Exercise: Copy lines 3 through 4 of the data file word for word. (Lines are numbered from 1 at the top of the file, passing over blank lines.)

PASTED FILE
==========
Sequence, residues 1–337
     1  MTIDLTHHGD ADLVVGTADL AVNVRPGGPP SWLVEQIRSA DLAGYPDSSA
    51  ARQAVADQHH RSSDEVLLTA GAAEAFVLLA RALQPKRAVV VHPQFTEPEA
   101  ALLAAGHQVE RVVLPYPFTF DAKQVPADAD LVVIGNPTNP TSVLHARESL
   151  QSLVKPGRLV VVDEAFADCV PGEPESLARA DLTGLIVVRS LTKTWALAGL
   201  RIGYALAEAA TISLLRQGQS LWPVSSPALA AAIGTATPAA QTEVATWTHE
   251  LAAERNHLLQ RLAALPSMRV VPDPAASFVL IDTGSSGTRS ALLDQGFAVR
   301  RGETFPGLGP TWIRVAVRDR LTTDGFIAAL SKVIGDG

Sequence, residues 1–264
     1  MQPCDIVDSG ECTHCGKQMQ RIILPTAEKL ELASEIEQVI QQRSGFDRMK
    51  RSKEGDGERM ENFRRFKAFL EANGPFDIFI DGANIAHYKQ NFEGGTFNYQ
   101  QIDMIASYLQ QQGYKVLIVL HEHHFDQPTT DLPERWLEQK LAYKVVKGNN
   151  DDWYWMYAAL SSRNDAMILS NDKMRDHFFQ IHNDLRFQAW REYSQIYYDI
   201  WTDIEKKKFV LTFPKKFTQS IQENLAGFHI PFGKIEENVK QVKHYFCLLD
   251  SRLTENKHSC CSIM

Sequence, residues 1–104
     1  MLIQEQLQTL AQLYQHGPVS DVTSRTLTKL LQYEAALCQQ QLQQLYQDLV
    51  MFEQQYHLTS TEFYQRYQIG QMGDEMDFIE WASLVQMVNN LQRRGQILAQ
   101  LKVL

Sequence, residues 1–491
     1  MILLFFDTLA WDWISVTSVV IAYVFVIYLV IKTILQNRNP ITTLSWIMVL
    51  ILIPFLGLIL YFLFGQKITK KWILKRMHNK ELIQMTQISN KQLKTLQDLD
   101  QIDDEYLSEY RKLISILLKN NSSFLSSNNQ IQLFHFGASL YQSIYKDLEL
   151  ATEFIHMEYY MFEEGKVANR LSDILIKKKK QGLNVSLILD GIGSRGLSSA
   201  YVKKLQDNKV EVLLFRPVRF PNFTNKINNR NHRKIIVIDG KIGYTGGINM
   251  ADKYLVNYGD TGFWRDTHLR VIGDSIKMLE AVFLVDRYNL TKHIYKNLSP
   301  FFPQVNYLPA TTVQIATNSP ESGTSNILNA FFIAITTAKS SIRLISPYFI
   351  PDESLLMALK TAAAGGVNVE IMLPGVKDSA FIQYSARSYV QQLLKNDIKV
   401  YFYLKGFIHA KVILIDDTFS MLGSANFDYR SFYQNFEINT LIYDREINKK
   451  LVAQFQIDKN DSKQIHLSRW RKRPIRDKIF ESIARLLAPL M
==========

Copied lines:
    51  ARQAVADQHH RSSDEVLLTA GAAEAFVLLA RALQPKRAVV VHPQFTEPEA
   101  ALLAAGHQVE RVVLPYPFTF DAKQVPADAD LVVIGNPTNP TSVLHARESL